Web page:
All of Marius Hobbhahn's Comments + Replies

Trends in GPU price-performance

We're currently looking deeper into how we can extrapolate this trend. Our preliminary high uncertainty estimate is that it is more likely to slow down than speed up over the foreseeable future. 

Trends in GPU price-performance

The comparison lines (dotted) have completely arbitrary y-intercepts. You should only take the slope seriously. 

1Leon Lang12h
That might be worth mentioning, as I wondered about the same. (I didn't realize until now that all the slope curves start at the same point on the left hand side of the figure)
Our mental building blocks are more different than I thought

The building block concept was just something that I found intuitive. It's not backed by rigorous research or intense thinking. I think they can easily be called tasks or traits or other things that relate to psychological findings. You should really think of this post as something that I found worth sharing without doing a lot of background reading. 

Our mental building blocks are more different than I thought

I'm not sure either to be fair. My friend with aphantasia says it doesn't make that much of a practical difference for her. But it's hard to compare since we don't know the counterfactual. 

I'm generally pretty uncertain how large the differences are but some discussions lead me to believe that they are bigger than I expected. At some point I was just like "Wait, you can't rotate the shape in your head?" or "What do you mean, you feel music?". 

I think there are a ton of interesting questions to dive into. Probably a lot have already been answered by psychologists. I think the independence question is very interesting as well. 

Investigating causal understanding in LLMs

I would expect the results to be better on, let's say PaLM. I would also expect it to base more of its answers on content than form. 

I think there are a ton of experiments in the direction of natural story plots that one could test and I would be interested in seeing them tested.  The reason we started with relatively basic toy problems is that they are easier to control. For example, it is quite hard to differentiate whether the model learned based on form or content in a natural story context.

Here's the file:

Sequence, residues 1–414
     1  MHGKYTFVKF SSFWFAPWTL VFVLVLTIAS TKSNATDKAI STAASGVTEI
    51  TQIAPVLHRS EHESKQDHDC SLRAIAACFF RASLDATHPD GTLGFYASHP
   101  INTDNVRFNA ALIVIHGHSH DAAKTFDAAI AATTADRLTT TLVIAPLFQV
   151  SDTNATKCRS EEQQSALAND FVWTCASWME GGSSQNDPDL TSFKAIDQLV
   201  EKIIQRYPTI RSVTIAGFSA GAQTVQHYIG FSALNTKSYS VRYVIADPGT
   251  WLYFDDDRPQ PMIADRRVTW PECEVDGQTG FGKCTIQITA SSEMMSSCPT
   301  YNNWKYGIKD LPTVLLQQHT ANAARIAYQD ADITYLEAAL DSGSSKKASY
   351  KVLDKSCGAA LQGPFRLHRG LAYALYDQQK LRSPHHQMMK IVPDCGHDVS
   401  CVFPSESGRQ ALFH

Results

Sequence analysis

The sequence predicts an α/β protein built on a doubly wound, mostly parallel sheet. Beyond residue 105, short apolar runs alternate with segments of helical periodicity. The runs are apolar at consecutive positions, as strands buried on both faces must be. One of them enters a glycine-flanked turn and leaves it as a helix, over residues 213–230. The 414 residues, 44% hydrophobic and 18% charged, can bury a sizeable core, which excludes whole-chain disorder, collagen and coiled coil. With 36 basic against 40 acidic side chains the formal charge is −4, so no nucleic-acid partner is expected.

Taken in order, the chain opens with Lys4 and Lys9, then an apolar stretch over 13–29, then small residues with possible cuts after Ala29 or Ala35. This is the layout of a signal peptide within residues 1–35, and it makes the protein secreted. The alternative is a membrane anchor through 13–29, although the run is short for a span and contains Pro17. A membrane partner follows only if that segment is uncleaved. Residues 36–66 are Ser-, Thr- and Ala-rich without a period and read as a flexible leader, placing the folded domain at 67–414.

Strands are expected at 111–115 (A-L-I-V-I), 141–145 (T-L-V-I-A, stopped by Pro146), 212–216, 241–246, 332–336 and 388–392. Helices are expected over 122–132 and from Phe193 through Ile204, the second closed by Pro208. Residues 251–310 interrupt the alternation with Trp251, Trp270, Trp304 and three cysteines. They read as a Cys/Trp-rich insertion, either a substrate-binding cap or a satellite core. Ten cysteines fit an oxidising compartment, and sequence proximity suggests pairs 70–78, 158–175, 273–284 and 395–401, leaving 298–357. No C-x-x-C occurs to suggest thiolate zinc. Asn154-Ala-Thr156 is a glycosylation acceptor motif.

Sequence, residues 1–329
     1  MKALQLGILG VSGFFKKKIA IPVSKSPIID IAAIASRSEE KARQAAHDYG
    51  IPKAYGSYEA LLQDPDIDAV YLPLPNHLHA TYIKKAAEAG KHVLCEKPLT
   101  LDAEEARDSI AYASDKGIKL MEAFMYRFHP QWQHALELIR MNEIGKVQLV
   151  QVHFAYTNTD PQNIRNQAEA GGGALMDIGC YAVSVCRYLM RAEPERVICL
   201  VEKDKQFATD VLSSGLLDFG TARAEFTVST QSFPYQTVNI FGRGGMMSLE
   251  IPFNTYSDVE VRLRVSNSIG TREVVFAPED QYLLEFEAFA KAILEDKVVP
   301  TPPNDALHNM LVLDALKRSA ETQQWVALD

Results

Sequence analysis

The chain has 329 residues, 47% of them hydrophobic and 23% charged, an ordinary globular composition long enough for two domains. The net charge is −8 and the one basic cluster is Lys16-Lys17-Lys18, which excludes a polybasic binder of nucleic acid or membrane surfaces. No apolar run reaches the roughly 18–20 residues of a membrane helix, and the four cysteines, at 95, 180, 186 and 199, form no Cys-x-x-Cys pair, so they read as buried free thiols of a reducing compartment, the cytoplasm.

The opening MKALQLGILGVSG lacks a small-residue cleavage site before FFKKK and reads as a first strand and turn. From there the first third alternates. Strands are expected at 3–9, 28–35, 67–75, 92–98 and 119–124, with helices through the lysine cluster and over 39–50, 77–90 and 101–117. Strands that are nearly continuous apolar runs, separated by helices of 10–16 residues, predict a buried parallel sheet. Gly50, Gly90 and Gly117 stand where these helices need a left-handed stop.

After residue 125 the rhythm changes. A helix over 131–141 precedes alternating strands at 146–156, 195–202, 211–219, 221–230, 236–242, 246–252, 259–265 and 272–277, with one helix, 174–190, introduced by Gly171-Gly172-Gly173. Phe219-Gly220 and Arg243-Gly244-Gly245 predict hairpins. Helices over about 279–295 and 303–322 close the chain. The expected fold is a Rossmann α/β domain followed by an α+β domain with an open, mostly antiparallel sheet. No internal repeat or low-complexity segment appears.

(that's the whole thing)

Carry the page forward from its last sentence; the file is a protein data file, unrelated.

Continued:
Overall, I expect there to be many further research projects and papers in this direction. 

Eliciting Latent Knowledge (ELK) - Distillation/Summary

Thank you for the feedback. I will update the post to be more clear on imitative generalization. 

Deep Learning Systems Are Not Less Interpretable Than Logic/Probability/Etc

I think the claim you are making is correct but it still misses a core point of why some people think that Bayes nets are more interpretable than DL. 
a) Complexity: a neural network is technically a Bayes net. It has nodes and variables and it is non-cyclical. However, when people talk about the comparison of Bayes nets vs. NNs, I think they usually mean a smaller Bayes net that somehow "captures all the important information" of the NN. 
b) Ontology:  When people look at a NN they usually don't know what any particular neuron or circuit does... (read more)

I strongly agree. There are two claims here. The weak one is that, if you hold complexity constant, directed acyclic graphs (DAGs; Bayes nets or otherwise) are not necessarily any more interpretable than conventional NNs because NNs are DAGs at that level. I don't think anyone who understands this claim would disagree with it.

But that is not the argument being put forth by Pearl/Marcus/etc. and arguably contested by LeCun/etc.; they claim that in practice (i.e., not holding anything constant), DAG-inspired or symbolic/hybrid AI approaches like Neural Causa... (read more)

The limits of AI safety via debate

Thanks for taking the time. I now understand all of your arguments and am convinced that most of my original criticisms are wrong or inapplicable. This has greatly increased my understanding of and confidence in AI safety via debate. Thank you for that. I updated the post accordingly. Here are the updated versions (copied from above):

Re complexity: 
Update 2: I misunderstood Rohin’s response. He actually argues that, in cases where a claim X breaks down into claims X1 and X2, the debater has to choose which one is more effective to attack, i.e. it... (read more)

4Rohin Shah2mo
Excellent, I'm glad we've converged!
The limits of AI safety via debate